If ADA Applies, More Time Off May be Necessary When Employee is Coming Off FMLA
March 30, 2022
Just recently the EEOC settled with a trucking and property management company who terminated an employee after they exhausted their FMLA leave and were unable to return to work. In the situations before the EEOC, the company terminated one employee with 30 years tenure who needed an additional three weeks off and another employee with 20 years tenure who simply needed an additional week.
The logic under the ADA is that an employee who cannot return to work after an FMLA leave with or without a reasonable accommodation is an employee who would not be qualified under the ADA. Further, there were two U.S. Federal Court of Appeals, one for the 7th Circuit and the other from the 5th Circuit, discussing what type of leave would not be extendable. In Severson v. Heartland Woodcraft, Inc., No. 14-CV-1141 (7th Circuit Court of Appeals, 9/20/17), the employee took FMLA for back issues/surgery and took the full 12 weeks. The employee then asked for an additional two or three months to recover. The company said no and terminated the employee, with the proviso that the employee can reapply when able to work again. The court, on appeal, stated that “a multimonth leave of absence is beyond the scope of a reasonable accommodation under the ADA.”
In the second case, (Drake v. Spring Independent School District, No. 20-20376 (5th Circuit Court of Appeals, 7/27/21), an employee exhausted their FMLA leave and did not provide a return to work time frame. The employee was terminated and sued. On appeal, the 5th Circuit Court of Appeals agreed with the lower court’s ruling, agreeing that because the employee “was out of leave and could not provide a return date, … no accommodation existed.”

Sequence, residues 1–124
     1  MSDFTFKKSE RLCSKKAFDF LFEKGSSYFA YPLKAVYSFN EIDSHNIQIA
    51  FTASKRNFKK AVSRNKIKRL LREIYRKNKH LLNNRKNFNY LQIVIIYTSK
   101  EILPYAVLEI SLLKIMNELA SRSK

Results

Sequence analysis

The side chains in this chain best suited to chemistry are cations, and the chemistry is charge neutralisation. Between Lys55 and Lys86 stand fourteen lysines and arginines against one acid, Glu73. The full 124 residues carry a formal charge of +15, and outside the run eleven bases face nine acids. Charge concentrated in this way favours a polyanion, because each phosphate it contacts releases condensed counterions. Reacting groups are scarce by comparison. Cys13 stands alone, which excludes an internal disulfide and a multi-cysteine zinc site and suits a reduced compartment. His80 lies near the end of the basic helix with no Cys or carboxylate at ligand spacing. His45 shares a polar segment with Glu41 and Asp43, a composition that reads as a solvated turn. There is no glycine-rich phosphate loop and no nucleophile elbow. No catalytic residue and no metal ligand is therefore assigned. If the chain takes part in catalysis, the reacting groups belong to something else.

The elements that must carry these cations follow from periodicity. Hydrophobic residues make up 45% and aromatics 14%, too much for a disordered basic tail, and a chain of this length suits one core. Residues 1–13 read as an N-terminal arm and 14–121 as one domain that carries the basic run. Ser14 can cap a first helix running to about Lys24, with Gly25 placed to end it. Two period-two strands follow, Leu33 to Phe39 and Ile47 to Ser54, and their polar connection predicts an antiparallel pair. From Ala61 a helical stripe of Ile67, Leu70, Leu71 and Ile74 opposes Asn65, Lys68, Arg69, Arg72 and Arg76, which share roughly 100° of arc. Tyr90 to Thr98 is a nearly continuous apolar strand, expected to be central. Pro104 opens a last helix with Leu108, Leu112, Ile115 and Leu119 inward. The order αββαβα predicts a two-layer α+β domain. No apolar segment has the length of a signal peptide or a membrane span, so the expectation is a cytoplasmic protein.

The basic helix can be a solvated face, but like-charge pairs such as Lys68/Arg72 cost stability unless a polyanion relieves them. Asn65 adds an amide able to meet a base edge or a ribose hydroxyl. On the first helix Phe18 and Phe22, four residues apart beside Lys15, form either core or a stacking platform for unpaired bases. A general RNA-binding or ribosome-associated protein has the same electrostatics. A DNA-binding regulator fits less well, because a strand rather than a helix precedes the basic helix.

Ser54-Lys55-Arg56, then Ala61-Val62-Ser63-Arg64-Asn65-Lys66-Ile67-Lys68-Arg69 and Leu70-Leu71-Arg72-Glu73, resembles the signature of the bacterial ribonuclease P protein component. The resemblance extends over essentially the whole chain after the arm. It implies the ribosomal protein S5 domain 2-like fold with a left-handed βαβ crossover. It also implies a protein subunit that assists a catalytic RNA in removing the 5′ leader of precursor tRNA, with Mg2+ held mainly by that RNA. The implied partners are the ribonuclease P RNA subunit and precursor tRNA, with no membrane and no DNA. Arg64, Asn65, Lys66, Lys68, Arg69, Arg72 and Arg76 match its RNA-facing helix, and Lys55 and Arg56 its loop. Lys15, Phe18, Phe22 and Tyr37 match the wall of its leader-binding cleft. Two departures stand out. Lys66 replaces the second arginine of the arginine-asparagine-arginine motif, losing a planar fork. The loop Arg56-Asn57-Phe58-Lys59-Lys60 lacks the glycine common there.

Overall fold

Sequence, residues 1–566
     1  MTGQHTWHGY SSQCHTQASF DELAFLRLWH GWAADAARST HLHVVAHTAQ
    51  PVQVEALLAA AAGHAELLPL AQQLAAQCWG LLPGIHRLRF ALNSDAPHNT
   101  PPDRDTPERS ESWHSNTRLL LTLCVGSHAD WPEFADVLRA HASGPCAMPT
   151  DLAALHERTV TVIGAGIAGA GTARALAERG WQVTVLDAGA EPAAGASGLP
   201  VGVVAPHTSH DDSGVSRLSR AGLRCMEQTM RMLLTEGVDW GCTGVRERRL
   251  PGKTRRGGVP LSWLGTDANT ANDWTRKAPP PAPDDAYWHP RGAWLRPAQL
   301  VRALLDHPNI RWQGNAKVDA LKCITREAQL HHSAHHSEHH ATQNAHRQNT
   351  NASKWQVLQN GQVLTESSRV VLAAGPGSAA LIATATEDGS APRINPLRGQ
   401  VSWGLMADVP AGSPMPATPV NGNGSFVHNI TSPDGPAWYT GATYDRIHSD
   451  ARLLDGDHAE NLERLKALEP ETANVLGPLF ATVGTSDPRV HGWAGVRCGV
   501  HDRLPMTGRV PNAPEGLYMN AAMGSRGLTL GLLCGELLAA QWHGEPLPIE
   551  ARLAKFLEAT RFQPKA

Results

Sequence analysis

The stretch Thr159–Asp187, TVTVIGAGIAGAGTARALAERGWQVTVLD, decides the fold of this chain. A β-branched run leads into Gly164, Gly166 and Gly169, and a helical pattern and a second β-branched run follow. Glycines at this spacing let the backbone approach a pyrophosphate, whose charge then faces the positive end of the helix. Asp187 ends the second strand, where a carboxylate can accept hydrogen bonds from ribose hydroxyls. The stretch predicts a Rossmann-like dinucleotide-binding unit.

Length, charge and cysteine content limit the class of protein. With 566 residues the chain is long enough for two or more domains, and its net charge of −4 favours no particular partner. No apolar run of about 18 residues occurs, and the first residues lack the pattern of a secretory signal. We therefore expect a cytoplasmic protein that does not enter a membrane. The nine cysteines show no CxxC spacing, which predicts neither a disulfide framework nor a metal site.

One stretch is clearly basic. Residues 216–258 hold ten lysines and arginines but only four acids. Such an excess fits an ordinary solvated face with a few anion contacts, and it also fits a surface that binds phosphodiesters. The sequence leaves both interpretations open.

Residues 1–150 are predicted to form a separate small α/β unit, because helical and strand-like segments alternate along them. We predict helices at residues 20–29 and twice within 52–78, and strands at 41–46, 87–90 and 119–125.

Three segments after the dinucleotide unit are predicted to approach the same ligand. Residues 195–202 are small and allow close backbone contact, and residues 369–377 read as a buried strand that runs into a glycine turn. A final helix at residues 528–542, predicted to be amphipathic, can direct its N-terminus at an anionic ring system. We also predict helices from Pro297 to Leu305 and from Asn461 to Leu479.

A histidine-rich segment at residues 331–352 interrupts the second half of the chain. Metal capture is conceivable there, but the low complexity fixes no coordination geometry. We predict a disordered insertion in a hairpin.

However, having a policy of not providing any additional leave when an FMLA leave is exhausted can be held as creating a liability for the employer. The trucking case is a good example. “Policies that lead to the automatic termination of employees immediately upon the expiration of FMLA leave conflict with the ADA — specifically, its requirement that an employer engage in an interactive process with an employee to determine whether an accommodation that does not create an undue hardship is possible,” EEOC regional attorney Marsha Rucker said of the settlement. “Additional leave can be a reasonable accommodation.”
So, what should an employer do? As Jacqui Schulte of Jacqulyn G. Schulte, PLC recommends, “when an employee exhausts (or is not eligible for) FMLA leave, the employer needs to administer its non-FMLA leave of absence policy. This policy is critically different from FMLA leave. A non-FMLA leave policy can – and should – say that only employment is protected, not an employee’s job position (which FMLA would protect). Non-FMLA employment protection policies can extend up to nine months (following FMLA protection) or one year (without FMLA protection) because only employment is protected. Since the job position is not protected, if the employer needs to fill the position while the employee is out on non-FMLA leave, once the position is filled, the employer must notify the employee the same and that they are considered ‘displaced’.“
Compensation and benefits are determined by benefit plan documents. This approach allows the employee, if the plans so state, to have short-term disability and then long-term disability benefits, if they qualify. The employee would be on an unpaid status on payroll and after one year rolled off the active employee list if not rehired to a new job they are qualified by the employer.
Therefore, as a displaced employee, prior to their return to work they must review and apply/interview for any open position for which they are interested and qualified (with or without accommodation); meaning secure a new position upon returning to work. Failure to identify and be hired in a new position could result in termination. Whenever this situation arises, it is highly advisable to work the process out with legal counsel to ensure that the process is done properly and legally.